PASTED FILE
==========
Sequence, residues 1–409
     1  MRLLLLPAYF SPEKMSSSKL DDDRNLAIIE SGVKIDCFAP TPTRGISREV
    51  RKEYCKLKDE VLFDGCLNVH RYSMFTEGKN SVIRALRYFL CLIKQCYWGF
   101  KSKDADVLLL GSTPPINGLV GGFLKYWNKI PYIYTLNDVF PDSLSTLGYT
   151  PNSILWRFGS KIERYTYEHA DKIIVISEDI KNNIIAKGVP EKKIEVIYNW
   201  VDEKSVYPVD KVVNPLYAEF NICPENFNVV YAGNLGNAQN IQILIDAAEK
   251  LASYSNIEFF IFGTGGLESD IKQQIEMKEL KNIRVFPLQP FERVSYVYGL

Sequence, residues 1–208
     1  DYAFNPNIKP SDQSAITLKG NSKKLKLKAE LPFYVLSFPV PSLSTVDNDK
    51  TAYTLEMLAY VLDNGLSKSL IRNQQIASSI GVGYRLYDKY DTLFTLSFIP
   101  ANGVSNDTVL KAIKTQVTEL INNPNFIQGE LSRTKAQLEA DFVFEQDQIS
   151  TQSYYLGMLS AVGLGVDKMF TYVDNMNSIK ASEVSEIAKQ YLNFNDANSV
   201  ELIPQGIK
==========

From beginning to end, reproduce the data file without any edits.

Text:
Sequence, residues 1–409
     1  MRLLLLPAYF SPEKMSSSKL DDDRNLAIIE SGVKIDCFAP TPTRGISREV
    51  RKEYCKLKDE VLFDGCLNVH RYSMFTEGKN SVIRALRYFL CLIKQCYWGF
   101  KSKDADVLLL GSTPPINGLV GGFLKYWNKI PYIYTLNDVF PDSLSTLGYT
   151  PNSILWRFGS KIERYTYEHA DKIIVISEDI KNNIIAKGVP EKKIEVIYNW
   201  VDEKSVYPVD KVVNPLYAEF NICPENFNVV YAGNLGNAQN IQILIDAAEK
   251  LASYSNIEFF IFGTGGLESD IKQQIEMKEL KNIRVFPLQP FERVSYVYGL

Sequence, residues 1–208
     1  DYAFNPNIKP SDQSAITLKG NSKKLKLKAE LPFYVLSFPV PSLSTVDNDK
    51  TAYTLEMLAY VLDNGLSKSL IRNQQIASSI GVGYRLYDKY DTLFTLSFIP
   101  ANGVSNDTVL KAIKTQVTEL INNPNFIQGE LSRTKAQLEA DFVFEQDQIS
   151  TQSYYLGMLS AVGLGVDKMF TYVDNMNSIK ASEVSEIAKQ YLNFNDANSV
   201  ELIPQGIK